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Michael-Rubin

Michael Rubin

Resident Scholar at the American Enterprise Institute (AEI). He previously worked as an official at the Pentagon, where he dealt with issues in the Middle East

Michael Rubin is a resident scholar at the American Enterprise Institute; senior lecturer at the Naval Postgraduate School’s Center for Civil-Military Relations; and senior editor of the Middle East Quarterly. Between 2002 and 2004, Rubin worked as a staff advisor for Iran and Iraq in the Office of the Secretary of Defense at the Pentagon,…

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Michael Rubin is a resident scholar at the American Enterprise Institute; senior lecturer at the Naval Postgraduate School’s Center for Civil-Military Relations; and senior editor of the Middle East Quarterly. Between 2002 and 2004, Rubin worked as a staff advisor for Iran and Iraq in the Office of the Secretary of Defense at the Pentagon, in which capacity he was seconded to Iraq. Between 2004 and 2009, he was chief editor of the Middle East Quarterly.

A native of Philadelphia, Pennsylvania, Rubin received a B.S. degree in biology from Yale University in 1994, and a Ph.D. in history from the same institution in 1999. He has previously worked as a lecturer in history at Yale University, Hebrew University in Jerusalem, Johns Hopkins University in Washington, DC, and at three different universities in northern Iraq. He has lived and conducted research in Yemen, the Islamic Republic of Iran, and with the Taliban in Afghanistan pre-9/11.

Rubin regularly instructs senior U.S. army officers deploying to the Middle East and Afghanistan, and also teaches classes aboard deploying U.S. carrier strike groups and Marine Expeditionary Units.

Rubin is author of Into the Shadows: Radical Vigilantes in Khatami’s Iran (Washington Institute, 2001), co-author of Eternal Iran: Continuity and Chaos (Palgrave, 2005), and co-editor of Dissent and Reform in the Arab World: Empowering Democrats (American Enterprise Institute Press, 2008). Encounter will publish a third book, Dancing with the Devil, detailing a half-century of American diplomacy with rogue regimes and terrorist groups, in 2014.

Rubin lives in Maryland with his wife Anna Borshchevskaya and their daughter, born in 2012.

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The Iranian Challenge

Talk will go behind the headlines to discuss the secret history of U.S. and Iranian relations in the aftermath of the Islamic Revolution. While diplomats struggle to resolve conflicts over Iran’s nuclear program and terrorism, the shadows of the past impact the future. From the hostage crisis to the Iran-Contra Scandal, and from the Iron Fist to the Outstretched Hand, “The Iranian Challenge” will show just how many impediments exist on both sides of the conflict, and offer predictions as to the future.

The Theological Roots of Islamic Terrorism

For policymakers, religion is not simply what theologians say it is, but rather what its practitioners believe it to be. While most Muslims may be peaceful and moderate, the extremist fringe interprets Islam to justify terrorism. “The Theological Roots of Islamic Terrorism” will highlight how extremists think, how extremists brainwash suicide bombers, and the challenges moderates face when confronting an extremist fringe.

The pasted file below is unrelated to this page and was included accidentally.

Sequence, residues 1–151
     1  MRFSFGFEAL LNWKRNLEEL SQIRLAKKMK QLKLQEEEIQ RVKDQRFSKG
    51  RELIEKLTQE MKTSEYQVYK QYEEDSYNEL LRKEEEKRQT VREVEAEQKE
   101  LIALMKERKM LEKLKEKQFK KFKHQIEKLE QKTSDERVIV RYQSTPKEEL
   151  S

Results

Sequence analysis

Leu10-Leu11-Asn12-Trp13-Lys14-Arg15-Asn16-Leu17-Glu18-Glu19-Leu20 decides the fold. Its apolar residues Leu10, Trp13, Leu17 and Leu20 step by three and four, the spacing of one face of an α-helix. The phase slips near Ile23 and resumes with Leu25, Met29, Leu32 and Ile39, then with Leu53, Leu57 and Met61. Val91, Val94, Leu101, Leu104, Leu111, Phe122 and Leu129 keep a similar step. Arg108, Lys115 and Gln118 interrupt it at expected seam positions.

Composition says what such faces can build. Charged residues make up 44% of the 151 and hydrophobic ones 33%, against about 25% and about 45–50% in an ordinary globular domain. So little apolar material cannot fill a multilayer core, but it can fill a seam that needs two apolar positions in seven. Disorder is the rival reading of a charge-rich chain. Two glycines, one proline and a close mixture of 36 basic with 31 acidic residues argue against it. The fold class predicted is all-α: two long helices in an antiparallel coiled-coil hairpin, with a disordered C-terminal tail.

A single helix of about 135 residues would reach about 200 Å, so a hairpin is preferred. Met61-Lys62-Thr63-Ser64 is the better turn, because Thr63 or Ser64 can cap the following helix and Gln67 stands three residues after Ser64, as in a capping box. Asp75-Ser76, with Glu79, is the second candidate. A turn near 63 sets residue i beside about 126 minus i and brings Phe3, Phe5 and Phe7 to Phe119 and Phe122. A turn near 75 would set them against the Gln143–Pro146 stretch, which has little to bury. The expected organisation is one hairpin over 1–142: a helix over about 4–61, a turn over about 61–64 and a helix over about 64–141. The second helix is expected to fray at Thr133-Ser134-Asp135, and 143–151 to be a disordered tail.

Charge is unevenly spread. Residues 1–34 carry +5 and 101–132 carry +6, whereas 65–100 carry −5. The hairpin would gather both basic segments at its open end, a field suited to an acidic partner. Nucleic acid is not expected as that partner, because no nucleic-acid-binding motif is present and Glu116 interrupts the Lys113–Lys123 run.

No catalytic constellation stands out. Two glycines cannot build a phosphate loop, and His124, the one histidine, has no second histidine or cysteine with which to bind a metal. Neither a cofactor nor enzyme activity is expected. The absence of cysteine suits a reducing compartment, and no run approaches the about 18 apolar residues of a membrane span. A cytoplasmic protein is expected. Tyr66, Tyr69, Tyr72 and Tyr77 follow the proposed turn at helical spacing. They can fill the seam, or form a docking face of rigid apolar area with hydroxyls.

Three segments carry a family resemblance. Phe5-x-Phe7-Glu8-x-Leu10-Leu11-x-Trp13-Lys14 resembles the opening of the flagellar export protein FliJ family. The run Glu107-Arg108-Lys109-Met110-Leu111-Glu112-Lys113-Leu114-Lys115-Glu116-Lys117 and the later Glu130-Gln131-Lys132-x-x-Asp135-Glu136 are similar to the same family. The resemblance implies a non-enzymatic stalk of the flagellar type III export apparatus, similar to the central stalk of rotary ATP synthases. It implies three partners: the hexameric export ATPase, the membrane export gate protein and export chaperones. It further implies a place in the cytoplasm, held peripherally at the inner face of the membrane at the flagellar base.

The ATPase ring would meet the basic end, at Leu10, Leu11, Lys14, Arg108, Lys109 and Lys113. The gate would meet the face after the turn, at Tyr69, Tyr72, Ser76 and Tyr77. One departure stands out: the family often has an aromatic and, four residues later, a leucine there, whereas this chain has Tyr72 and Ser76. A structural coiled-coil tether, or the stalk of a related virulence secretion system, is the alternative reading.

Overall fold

Turkey: Ally or Adversary?

Successive American presidents considered Turkey a key American ally and a model for the Middle East. Over the last decade, however, Turkey has changed. “Turkey: Ally or Adversary” will trace the growth of Islamism and anti-Americanism within Turkey, the declining situation of Turkish women, and Turkey’s shift from Europe to the Middle East before considering whether Turkey today is more an adversary than an ally for the United States and Europe.

Pakistan’s Double Game

In the wake of the 9/11 terrorist attacks, Pakistan’s president famously declared Pakistan an ally of the United States in its battle against terrorism. Yet, in Afghanistan, India, and with Al Qaeda, Pakistani authorities appear complicit in terrorism. Drawing on interviews with senior Pakistani political and intelligence officials, “Pakistan’s Double Game,” will explain how Pakistan thinking has diverged from the United States with regard to terrorism and radicalism, and where the Pakistan-U.S. relationship might head in the future.

Talking to Terrorists   

There is an old adage that goes, “One man’s terrorist is another man’s terrorist.” While the United States often says it will never negotiate with terrorism, U.S. diplomatic history is rife with outreach to terrorist groups. “Talking to Terrorists” will consider the promise and peril of negotiating with terrorists, from the IRA to the PLO and from Hamas to Hezbollah.

Afghanistan: Back to the Future?

The United States and its allies will largely withdraw from Afghanistan over the coming year. How might that withdraw shape the future of Afghanistan? Will the Taliban make a comeback? Will Afghan women lose the tenuous rights they have achieved to date? “Afghanistan: Back to the Future?” will show how history has shaped Afghans’ thinking about their future, and consider what Afghanistan might look like in the years to come.

The Arab Spring Break  

The Arab Spring has turned decidedly chilly. The Civil War rages in Syria and Egypt still reels from its coup. Tunisia teeters and Libya threatens to descend into chaos. “The Arab Spring Break” will look over the horizon at the political and economic challenges which loom, and how the instability of 2012 and 2013 might suddenly seem like the good ole’ days.

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America's Forum - Michael Rubin discusses the latest attack on Israel

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